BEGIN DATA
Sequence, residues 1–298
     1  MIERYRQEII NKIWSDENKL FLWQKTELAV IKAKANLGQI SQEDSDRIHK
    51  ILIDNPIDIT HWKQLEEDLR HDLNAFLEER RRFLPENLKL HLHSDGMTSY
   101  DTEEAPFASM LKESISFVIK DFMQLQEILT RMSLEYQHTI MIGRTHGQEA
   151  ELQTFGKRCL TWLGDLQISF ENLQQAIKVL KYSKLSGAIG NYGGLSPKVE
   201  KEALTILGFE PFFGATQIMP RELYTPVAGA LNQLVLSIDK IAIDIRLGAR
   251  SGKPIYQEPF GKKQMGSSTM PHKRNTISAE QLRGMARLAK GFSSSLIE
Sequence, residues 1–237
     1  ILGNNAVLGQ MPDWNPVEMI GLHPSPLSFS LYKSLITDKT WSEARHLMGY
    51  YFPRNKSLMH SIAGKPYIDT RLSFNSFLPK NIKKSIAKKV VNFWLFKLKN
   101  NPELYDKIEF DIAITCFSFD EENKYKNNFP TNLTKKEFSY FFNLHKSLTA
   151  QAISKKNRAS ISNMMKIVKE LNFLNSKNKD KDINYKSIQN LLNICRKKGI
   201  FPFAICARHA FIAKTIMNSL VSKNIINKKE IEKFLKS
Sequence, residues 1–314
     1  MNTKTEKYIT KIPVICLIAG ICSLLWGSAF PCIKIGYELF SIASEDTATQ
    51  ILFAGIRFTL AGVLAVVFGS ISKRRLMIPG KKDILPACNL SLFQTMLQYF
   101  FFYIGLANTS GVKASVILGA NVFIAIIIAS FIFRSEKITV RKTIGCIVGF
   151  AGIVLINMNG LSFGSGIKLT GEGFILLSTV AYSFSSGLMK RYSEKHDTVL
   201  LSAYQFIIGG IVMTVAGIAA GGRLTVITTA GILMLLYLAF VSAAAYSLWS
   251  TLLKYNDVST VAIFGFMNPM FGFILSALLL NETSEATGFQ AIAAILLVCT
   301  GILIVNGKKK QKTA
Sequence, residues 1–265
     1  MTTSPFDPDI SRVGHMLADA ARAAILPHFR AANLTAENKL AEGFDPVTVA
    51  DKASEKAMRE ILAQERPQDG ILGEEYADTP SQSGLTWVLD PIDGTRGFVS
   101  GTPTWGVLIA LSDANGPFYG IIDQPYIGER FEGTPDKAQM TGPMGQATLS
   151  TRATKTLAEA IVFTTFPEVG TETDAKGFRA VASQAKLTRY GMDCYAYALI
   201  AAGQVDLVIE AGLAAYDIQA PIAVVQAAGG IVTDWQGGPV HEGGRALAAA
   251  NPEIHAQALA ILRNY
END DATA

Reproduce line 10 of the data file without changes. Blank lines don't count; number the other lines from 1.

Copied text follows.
    51  YFPRNKSLMH SIAGKPYIDT RLSFNSFLPK NIKKSIAKKV VNFWLFKLKN